After this, and once the first meeting of Power.Org happens, the organization will set its own agenda, with IBM only able to rule on the central choice of the chip instruction set.
I believe it is far more likely that IBM is seeking to end the Wintel domination that it unwittingly ushered into the world nearly 25 years ago. This is not no more a threat to ARM than a clash of dinosaurs impacted nearby insects. Sure a couple insects may get crushed but the carrion left over at the end is a perfect breeding ground for more. ARM cores are like Beetles, of which a famous naturalist stated that "God seems to have an inordinate fondess for", Intel and IBM are large vertibrates by comparison and they perform different tasks and rarely harm each other. Indeed it would not at all surprise me if higher end Power PC devices would in fact have a few ARMed USB, Bluetooth, disk or other controller chips inside them.
However there is an interesting echo to the IBM story in the recent history of ARM - if you look back at the discussion about the ARM/Artisan merger when it was first announced you come across this excellent EET article and in it there is this:
ARM's strength has traditionally been in meeting the needs of architectural designers, providing them with MPU cores to differentiate their designs. In contrast, Artisan's forte has been in understanding the physical layer, building libraries that ensure RTL correlates well to silicon.
As process geometries shrink there is a greater need for that kind of linkage. The merger will allow ARM to ensure that its MPU cores — and now, likely, other cores as well — will be more closely correlated with actual silicon. It will also open up the customer-owned-tooling market, or at least assure customers using foundries that ARM cores are built with Artisan libraries.
Thus, ARM may have negotiated with one eye to a future in which competitive CPU core design will be impossible without an intimate relationship among IP developer, library developer and foundry.
"IP without physical understanding is decaying in value," Lanza said. "Bringing in the expertise of the physical layer to ARM is very important for the future of ARM but also for the future of IP in general."
which has an interesting echo to this in the Faultline/Register article:
"The traditional ways of making chips are reaching natural barriers and now integration is the problem to solve," said Nigel Beck of IBM
I speculated in this thread at TMF about the resons for the ARM/Artisan merger and said the following: Base 1) We know that as we get to 90nm and smaller processes costs go up and yields seem to go down at least on the first spin. 2) Contrariwise ARM's big selling point is "reduce TTM and risk".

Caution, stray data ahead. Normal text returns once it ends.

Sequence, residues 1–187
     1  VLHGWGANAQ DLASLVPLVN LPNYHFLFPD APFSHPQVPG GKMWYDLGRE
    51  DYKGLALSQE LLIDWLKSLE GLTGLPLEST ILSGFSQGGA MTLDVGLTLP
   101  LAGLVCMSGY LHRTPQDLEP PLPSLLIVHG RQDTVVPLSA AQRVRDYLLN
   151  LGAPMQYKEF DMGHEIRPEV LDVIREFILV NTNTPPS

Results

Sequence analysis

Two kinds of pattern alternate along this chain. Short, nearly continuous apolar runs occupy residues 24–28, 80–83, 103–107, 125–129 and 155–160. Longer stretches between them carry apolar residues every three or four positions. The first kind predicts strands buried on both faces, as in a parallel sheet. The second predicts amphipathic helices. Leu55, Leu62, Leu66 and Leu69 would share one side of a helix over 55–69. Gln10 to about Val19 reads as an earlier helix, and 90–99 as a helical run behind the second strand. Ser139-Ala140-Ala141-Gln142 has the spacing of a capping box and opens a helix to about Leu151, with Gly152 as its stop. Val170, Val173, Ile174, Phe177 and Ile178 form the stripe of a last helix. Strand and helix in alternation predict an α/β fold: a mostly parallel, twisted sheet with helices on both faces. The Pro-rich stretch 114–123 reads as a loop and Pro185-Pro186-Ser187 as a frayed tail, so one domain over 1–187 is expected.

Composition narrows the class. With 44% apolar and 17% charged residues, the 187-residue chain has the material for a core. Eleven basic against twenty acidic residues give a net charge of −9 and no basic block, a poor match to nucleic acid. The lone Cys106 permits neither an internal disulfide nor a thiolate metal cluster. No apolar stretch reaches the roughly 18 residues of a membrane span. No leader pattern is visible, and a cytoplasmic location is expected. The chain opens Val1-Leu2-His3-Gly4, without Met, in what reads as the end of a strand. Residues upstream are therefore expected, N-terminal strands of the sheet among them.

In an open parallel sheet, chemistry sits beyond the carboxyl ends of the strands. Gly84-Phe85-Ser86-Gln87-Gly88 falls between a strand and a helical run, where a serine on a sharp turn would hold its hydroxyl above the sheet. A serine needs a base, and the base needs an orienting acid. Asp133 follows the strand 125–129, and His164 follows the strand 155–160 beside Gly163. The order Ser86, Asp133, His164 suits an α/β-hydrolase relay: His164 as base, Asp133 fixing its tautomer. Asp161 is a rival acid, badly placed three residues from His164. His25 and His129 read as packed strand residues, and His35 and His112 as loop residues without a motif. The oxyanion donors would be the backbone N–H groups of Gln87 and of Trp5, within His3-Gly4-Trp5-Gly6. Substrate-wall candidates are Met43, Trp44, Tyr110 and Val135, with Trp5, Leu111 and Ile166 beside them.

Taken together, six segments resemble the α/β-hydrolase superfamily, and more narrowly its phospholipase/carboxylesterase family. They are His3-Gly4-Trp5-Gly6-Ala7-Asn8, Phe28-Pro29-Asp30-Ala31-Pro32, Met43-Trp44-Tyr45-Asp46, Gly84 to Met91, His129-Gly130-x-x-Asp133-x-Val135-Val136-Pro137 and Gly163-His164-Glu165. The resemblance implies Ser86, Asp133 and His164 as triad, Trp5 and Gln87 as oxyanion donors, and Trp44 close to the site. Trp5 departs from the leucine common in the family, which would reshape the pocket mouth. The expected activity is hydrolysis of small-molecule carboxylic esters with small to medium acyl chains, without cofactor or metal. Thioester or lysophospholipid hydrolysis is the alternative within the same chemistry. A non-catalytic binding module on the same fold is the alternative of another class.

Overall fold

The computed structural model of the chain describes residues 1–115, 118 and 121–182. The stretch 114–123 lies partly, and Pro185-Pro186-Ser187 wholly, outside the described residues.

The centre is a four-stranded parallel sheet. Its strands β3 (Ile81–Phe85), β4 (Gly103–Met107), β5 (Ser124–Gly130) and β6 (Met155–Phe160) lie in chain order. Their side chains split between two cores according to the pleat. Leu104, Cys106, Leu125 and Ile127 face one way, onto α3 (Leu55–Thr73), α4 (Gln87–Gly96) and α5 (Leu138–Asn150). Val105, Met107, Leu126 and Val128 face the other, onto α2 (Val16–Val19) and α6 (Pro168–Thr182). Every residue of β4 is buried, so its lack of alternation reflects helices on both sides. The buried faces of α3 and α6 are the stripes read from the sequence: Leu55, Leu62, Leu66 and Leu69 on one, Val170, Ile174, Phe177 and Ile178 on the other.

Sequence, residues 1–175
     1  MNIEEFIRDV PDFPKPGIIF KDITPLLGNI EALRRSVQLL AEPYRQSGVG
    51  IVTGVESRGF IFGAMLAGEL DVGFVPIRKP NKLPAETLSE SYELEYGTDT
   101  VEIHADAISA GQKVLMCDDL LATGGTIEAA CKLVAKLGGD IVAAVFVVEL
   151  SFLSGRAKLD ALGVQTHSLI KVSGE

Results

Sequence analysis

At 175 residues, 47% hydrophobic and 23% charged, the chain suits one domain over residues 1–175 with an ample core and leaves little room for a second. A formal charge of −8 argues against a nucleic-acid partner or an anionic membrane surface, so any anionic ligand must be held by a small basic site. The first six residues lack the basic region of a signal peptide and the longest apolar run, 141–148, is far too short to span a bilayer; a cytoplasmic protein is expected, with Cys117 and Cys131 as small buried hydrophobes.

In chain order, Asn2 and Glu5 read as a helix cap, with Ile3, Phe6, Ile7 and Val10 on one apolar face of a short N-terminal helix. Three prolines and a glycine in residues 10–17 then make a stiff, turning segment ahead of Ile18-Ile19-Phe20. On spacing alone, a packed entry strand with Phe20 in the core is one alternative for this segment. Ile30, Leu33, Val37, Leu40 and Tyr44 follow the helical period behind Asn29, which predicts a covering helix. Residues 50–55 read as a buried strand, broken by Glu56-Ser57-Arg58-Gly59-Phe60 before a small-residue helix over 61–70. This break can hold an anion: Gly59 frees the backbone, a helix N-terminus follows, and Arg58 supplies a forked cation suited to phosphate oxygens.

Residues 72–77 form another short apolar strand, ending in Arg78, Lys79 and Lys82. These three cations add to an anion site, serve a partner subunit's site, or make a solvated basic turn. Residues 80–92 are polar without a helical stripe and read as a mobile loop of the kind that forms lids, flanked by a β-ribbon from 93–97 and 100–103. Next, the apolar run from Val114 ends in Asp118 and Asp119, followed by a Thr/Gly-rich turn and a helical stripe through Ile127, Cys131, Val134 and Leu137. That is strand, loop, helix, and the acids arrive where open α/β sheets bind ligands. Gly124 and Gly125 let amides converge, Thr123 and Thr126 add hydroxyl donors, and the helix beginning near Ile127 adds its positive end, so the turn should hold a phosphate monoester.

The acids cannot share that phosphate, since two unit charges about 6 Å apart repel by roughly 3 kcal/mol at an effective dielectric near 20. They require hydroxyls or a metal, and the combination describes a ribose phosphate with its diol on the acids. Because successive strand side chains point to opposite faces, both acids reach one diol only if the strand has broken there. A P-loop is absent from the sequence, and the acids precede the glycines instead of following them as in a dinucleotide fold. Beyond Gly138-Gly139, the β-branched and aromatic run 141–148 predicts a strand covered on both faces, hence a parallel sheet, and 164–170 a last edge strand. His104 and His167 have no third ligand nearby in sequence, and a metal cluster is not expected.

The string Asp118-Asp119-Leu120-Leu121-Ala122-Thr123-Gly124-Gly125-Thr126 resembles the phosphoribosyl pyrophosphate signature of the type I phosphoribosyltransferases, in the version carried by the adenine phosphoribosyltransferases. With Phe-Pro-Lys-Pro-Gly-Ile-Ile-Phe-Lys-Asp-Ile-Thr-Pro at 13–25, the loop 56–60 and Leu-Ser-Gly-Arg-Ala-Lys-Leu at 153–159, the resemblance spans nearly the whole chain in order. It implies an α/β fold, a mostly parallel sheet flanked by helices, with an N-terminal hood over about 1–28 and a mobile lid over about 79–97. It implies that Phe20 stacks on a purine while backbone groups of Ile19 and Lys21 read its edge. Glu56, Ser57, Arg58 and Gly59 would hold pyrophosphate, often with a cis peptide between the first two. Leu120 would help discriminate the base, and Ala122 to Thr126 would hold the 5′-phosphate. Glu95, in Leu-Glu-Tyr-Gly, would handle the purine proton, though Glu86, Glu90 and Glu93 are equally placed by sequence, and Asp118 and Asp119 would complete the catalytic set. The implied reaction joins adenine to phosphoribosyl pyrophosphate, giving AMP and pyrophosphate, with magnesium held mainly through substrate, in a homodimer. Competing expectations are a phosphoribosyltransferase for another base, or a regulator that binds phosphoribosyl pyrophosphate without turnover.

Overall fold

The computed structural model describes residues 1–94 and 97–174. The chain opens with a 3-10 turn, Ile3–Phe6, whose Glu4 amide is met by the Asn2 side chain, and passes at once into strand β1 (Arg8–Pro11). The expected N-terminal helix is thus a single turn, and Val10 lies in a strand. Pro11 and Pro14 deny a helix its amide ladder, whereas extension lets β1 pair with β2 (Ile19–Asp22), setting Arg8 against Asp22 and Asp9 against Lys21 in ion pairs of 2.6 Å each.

Hence the ever shrinking process tech is both an opportunity and a threat for ARM. The opportunity is to really nail all the competition be being indisputably quicker in TTM. The threat is that ARM designs will be either no better or worse in adapting to these smaller geometries. If everyone needs a second spin all the time then the cost of that is going to overshadow the cost (and time) saved by using ARM vs using something more customized.
However Artisan brings to ARM expertise in some of these areas. Of course I can't be certain of ARM's future sales strategy but I'm going to guess it would be making marketing messages like "ARMed Chips never need a respin". Given that respins cost $millions and take 3-6months that turns the threat into the opportunity, but to do so requires ARM to have considerable knowledge of the physical layers and the peripherals. Artisan brings this knowledge to ARM.
In other words it is possible that ARM is in fact in a situation where not getting Artisan's (or competitor's) knowhow in house would in fact be eventually fatal. And then later I don't know if this is the reason but certainly it seems that 90nm and below seems to be causing trouble for all chipmakers and fabs. The problems are clearly solvable but they are also clearly harder to solve than people thought. In that case it is possible, indeed likely, that the same issues will hit the users of ARM's cores. If so then clearly ARM needs to come up with a way to ensure that a next gen chip with an ARM core has as little a chance as possible of hitting these problems. If so then (according to the EET article) Artisan looks like a repository of the necessary knowhow and IP. I would consider the IBM quote above to be partial justification for that opinion.